Weekly Feature Archives

Dru Part II—1983: La Voie Lesueur, First Winter Ascent

Posted August 28, 2015

THE CLANGOR OF OUR SKI BOOTS on steel stairs broke the winter silence atop the Grands Montets. I turned, my gaze riveted on the North Face of the Drus: "It's there," I told my climbing partner Thierry Renault. "Yes, yes, yes," he murmured in the Frank Zappa style of talking he favored at the time. The wall rose from depths of shadow, silver-streaked and foreboding. The Voie Lesueur formed an almost continuous line of iceand snow-lined chimneys and gullies spiraling from right to left, terminating atop the Grand Dru.

Between the Lines

Posted August 27, 2015

IN A BRICK HOUSE in the tree-lined village of Hildenborough, England, a Tibetan woman listened to her British husband translate books and newspapers, so she could hear how foreign writers depicted her homeland. It was the early twentieth century, in the midst of the first British attempts on Everest.

Smith and Kadatz: Free Climbing on Baffin Island

Posted August 20, 2015

"I believe that in Hell, they make you posthole," Anna Smith told Alpinist, recalling the conditions she and her climbing partner, Michelle Kadatz, endured while shuttling a loads to one of Baffin Island's big wall routes during July.

The City and the Blade Chapter 4

Posted August 13, 2015

IN MARCH OF 2011, while skiing in the Tetons, Renan fell off a small cliff. His doctors said he was lucky: although he'd fractured his skull and two vertebrae, and severed a major vertebral artery, his mental acuity would not be compromised. Maybe, as Mugs might say, Ganesh, the mover of obstacles in the Hindu religion, had helped us out. But Renan would have to wear a neck brace for twelve weeks.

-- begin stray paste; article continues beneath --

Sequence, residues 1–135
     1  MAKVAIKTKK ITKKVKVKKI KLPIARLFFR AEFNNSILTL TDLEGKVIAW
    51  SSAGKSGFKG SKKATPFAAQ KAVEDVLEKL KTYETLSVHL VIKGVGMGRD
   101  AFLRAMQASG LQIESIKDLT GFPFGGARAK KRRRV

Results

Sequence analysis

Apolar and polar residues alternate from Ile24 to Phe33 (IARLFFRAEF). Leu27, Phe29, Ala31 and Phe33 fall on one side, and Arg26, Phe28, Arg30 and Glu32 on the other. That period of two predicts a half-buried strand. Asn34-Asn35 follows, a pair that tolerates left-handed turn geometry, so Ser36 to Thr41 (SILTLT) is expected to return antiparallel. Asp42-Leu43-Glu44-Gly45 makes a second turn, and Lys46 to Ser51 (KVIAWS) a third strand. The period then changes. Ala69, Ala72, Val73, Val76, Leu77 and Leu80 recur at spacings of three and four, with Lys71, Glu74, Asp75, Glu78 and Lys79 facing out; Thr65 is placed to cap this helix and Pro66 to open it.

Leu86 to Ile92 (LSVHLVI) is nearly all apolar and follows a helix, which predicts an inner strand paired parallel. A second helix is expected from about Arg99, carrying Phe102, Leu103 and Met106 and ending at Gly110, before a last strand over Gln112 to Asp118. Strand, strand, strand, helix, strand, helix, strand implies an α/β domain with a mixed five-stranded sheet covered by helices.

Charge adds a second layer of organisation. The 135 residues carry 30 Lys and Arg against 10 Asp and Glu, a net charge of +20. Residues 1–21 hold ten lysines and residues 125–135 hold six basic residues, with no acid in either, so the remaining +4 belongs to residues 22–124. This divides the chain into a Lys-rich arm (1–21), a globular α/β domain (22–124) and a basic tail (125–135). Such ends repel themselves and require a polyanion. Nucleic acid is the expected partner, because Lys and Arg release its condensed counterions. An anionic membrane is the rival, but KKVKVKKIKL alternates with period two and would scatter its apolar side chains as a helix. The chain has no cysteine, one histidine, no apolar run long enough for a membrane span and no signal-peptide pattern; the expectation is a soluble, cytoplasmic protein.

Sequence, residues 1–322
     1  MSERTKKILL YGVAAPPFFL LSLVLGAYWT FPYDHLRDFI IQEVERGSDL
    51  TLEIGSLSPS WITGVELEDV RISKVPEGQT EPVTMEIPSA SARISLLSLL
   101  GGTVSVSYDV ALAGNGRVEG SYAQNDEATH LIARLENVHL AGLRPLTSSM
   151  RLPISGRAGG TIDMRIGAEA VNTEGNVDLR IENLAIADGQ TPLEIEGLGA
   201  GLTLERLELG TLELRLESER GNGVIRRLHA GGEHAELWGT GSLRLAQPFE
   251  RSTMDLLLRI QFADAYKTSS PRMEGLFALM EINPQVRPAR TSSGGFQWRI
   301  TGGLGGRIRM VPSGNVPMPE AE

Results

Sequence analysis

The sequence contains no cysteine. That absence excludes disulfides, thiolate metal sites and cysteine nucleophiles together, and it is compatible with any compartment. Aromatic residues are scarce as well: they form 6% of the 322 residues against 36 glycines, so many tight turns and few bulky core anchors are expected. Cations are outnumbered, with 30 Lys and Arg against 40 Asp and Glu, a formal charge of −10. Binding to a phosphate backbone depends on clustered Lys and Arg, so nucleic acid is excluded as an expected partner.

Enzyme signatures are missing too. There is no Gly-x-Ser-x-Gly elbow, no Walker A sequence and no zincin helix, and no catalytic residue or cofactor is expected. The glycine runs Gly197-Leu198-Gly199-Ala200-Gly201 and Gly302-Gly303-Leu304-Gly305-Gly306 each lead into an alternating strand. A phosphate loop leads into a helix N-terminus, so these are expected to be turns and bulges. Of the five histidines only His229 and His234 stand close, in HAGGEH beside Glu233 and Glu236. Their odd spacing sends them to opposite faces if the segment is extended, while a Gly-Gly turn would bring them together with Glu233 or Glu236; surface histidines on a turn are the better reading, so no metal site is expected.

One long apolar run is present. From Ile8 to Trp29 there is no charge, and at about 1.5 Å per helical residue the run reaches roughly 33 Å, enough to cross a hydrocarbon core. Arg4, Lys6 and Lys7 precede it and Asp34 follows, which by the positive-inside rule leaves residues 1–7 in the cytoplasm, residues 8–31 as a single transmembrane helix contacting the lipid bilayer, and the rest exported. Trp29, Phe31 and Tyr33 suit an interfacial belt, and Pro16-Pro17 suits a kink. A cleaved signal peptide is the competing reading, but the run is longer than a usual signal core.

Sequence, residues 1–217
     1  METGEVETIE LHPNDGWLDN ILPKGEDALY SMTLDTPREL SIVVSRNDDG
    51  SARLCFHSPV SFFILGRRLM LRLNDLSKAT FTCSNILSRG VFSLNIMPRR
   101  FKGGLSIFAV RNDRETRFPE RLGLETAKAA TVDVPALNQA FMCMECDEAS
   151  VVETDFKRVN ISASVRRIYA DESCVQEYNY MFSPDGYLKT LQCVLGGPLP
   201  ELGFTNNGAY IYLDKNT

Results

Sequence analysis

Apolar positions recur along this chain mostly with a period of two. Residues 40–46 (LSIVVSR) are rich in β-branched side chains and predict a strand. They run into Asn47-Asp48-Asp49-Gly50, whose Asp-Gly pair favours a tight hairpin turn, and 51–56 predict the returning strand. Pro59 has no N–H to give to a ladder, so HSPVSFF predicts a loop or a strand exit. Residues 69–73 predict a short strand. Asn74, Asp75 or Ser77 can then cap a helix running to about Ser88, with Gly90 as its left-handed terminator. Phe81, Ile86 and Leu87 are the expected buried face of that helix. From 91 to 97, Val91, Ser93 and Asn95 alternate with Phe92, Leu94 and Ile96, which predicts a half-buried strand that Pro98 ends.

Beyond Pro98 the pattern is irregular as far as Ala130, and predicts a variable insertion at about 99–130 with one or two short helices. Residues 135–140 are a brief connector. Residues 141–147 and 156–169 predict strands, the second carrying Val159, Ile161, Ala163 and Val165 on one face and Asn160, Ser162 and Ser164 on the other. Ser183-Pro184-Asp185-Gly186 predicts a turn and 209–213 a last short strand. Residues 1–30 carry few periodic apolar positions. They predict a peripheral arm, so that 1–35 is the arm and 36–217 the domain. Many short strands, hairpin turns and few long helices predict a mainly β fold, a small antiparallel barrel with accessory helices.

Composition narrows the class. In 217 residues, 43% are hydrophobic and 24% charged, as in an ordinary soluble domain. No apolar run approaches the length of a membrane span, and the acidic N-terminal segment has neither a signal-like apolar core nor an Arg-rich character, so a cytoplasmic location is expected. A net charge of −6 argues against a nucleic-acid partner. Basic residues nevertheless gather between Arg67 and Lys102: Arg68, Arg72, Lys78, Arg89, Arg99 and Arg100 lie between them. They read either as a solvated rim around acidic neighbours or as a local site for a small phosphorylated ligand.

The City and the Blade Chapter 3

Posted August 12, 2015

SOME WESTERNERS ARE DRIVEN to explore the "unknown," believing that we will discover bliss in uncharted regions, whether we define it as riches, science or self-discovery. To the Hindus of the Gangotri, the known features of the landscape already form part of a sacred, present reality—one that can be seen, touched, heard, tasted and felt.

The City and the Blade Chapter 2

Posted August 11, 2015

IN THE YEARS AFTER MUGS' DEATH, I climbed in the style he'd imprinted on me, venturing into places where nature was still in power, where everything became simple because no falling was allowed. A new partner, Alex Lowe, joined me on expeditions to Central Asia and Antarctica. In my memory, now, it's hard to fix a single image of him, for he was always moving, drinking coffee, bouncing on his toes. Like all his friends, I found myself caught up in that endless stream of energy, bewildered by what I could achieve while he cheered me on.

The City and the Blade Chapter 1

Posted August 10, 2015

Mugs had tried the Shark's Fin in 1986 and 1988 with various partners. He was turned back by an avalanche, a shoulder injury and heavy snow. When speaking of the peak, his voice dropped to a reverential whisper. On the back wall of his van, he tacked a tattered cover of Mountain with a photo of the Shark's Fin framed perfectly against a blue sky. He covered the image with a weatherworn prayer flag, only sharing it with his closest friends.

Fun Times at the 22nd Annual Lander International Climbers' Festival

Posted August 4, 2015

The Lander International Climbers' Festival, which celebrated its twenty-second anniversary from July 8 to July 12, is the modern-day equivalent of the Rocky Mountain Rendezvous—but for climbers. Here, at City Park, by a river still lined with cottonwoods, the itinerant climbers pitched a city of colorful tents, while their iron horses lined the narrow street beside the river.

There and Back Again: Chapter Two

Posted July 16, 2015

After being kidnapped in Kyrgyzstan I suffered from nightmares and loads of mistrust in the world. I went to see a therapist a few times to try and rid my sleep of nightmares, but my therapy and focus on mental healing stopped there. I felt that therapy was a sign of weakness, and that I should be tougher than that.

Meru: Documentary Reveals Honor and Obsession among Himalaya Big Wall Climbers

Posted July 14, 2015

It's over and they know it. Conrad Anker, Jimmy Chin and Renan Ozturk are 7,000 miles from home, 20,000 feet above sea level and a mere 300 feet below the summit of Meru Central (6310m), the middle summit of Meru Peak, in India.



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